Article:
The government has published 31 Gateway reviews into the highly troubled £12.7bn National Programme for IT.

The material, covering the period from the inception of the programme in 2002 up until 2007, was released in response to a Freedom of Information Request. Gateway reviews, which are designed to test the business case for projects at various different stages of their lifecycle, are not normally published.

The documents revealed that stakeholders and health officials have long had doubts about the NPfIT suppliers – of which only BT and CSC are left – and have questioned whether the programme can ever deliver value for money.

Nearly a third of the 31 reviews are so severe that they gave a ‘red light’ to elements of the programme, which means there was a need for immediate remedial action and serious reconsideration of the NPfIT progresses.

Since the start of the programme the British Medical Association, representing doctors, has repeatedly questioned the systems being used and the management of suppliers.

Dr Grant Ingrams, in the NHS IT working group at the BMA, today told Computerworld UK: “From the start we said that it was an ill conceived programme, that single unified systems were not workable, and that interoperability of local systems was better. Then they created local monopolies with only one lead supplier in each area.”

“Until 2004 the NHS didn’t even want talk to us,” he said. “Look at all the lost opportunities, that’s the biggest pain of it all.”

Ingrams said, however, that things were improving and that the NHS is “now trying to catch up”. But he argued the NHS is wrong to claim that summary care records will save lives in emergency situations.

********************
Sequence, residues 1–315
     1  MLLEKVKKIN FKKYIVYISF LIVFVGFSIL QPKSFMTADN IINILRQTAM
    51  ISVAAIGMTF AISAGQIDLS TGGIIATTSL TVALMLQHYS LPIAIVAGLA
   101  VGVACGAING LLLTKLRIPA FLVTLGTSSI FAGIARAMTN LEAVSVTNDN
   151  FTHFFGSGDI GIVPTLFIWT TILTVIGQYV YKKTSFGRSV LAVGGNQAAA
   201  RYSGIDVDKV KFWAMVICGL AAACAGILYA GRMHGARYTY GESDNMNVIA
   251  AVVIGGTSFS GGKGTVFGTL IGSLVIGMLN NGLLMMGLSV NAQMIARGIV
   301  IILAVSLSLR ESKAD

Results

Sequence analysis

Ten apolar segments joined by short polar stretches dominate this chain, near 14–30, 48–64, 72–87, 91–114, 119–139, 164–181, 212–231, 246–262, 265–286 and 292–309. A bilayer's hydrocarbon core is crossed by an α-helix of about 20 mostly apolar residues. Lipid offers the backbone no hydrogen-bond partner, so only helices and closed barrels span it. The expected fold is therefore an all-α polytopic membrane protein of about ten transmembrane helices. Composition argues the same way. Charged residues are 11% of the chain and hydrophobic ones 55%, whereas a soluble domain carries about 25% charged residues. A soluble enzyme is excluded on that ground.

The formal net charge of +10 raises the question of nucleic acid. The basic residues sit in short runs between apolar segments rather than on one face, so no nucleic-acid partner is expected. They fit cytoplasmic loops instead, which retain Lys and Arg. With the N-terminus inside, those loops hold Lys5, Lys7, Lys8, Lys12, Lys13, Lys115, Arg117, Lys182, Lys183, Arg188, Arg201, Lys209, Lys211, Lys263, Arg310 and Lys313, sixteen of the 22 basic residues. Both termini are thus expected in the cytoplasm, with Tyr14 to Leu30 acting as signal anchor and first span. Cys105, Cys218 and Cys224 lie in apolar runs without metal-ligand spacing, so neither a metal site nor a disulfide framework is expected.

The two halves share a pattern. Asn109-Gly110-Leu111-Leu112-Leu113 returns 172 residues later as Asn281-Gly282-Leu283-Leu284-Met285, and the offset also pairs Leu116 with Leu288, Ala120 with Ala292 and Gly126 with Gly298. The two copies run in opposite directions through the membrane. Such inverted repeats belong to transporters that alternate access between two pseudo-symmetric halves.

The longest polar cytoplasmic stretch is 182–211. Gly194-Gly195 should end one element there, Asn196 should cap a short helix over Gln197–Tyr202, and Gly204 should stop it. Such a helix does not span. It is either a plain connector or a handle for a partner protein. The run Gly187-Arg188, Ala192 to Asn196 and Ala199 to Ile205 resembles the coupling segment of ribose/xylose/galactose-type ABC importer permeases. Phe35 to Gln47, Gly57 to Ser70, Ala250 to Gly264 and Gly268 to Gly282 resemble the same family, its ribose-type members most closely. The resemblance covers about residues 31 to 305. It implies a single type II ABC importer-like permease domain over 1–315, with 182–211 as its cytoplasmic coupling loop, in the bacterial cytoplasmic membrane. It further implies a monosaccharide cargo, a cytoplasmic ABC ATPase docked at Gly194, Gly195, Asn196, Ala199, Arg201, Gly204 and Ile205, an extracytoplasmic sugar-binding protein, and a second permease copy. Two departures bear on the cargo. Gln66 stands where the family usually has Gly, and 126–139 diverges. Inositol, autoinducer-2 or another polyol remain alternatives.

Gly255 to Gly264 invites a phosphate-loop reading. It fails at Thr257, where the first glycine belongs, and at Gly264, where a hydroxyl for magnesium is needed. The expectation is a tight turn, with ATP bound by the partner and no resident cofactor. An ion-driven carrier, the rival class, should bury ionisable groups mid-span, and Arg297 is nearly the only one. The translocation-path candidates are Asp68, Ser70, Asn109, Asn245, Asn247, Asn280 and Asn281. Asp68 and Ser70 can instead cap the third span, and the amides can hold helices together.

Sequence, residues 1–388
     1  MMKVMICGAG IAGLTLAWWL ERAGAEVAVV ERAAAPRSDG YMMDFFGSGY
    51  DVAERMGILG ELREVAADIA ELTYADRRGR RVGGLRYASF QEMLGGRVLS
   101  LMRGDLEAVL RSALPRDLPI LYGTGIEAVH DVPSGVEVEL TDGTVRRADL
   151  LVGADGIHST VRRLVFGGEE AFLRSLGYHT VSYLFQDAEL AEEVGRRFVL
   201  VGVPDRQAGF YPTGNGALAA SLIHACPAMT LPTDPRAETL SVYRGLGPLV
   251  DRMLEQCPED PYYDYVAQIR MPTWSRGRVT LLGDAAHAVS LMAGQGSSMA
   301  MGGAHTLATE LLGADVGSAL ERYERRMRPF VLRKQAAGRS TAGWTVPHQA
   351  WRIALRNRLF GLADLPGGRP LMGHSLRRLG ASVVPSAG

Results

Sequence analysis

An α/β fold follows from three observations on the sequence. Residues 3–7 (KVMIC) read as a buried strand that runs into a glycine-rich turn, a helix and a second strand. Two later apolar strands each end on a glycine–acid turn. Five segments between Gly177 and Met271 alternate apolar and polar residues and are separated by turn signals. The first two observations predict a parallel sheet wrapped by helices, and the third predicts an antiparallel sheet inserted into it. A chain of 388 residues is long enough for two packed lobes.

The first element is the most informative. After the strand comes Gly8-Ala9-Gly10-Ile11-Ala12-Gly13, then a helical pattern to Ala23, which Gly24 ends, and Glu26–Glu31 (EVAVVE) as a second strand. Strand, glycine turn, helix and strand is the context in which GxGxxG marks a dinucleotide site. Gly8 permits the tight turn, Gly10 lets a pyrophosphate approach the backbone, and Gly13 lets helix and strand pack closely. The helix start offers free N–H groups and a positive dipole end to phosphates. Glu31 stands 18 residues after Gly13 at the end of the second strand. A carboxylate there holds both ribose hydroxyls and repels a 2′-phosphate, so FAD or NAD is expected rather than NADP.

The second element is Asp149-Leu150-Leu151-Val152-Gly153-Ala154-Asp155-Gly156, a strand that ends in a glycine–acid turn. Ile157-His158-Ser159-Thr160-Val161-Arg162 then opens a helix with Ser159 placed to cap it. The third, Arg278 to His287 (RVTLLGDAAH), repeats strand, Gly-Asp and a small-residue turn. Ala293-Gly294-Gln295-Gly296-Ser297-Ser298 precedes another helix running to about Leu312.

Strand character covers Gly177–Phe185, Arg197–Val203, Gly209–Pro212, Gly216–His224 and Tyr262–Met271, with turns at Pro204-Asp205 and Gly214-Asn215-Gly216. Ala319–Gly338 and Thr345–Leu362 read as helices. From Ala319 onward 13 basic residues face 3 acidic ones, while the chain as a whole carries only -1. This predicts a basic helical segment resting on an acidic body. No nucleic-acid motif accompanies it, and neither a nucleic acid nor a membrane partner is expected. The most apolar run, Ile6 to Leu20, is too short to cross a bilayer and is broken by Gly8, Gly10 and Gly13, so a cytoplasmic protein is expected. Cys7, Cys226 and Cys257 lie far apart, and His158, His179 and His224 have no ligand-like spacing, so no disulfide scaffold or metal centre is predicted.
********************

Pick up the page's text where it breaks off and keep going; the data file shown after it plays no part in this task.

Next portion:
“Will doctors wait in an emergency to boot up systems and trawl through a summary care record, before they do anything? No they won’t. Is it going to save lives in an emergency? No it isn’t. Connecting for Health spins things.”

In April, the NHS issued an ultimatum to remaining suppliers BT and CSC, insisting a workable patient administration be ready by November. But Ingrams cautioned against this approach.

“You could end up with a system still not fit for use in the NHS,” he said. “Just having anything working is not a solution.”

A spokesperson at the Department of Health said it was an “ambitious and difficult programme” that was making progress.

“The delays involved in implementing the Care Records Service in the acute sector are regrettable, but it is important to point out that these have not been at any cost to the taxpayer,” the spokesperson continued. “Contracts with suppliers are paid on delivery.”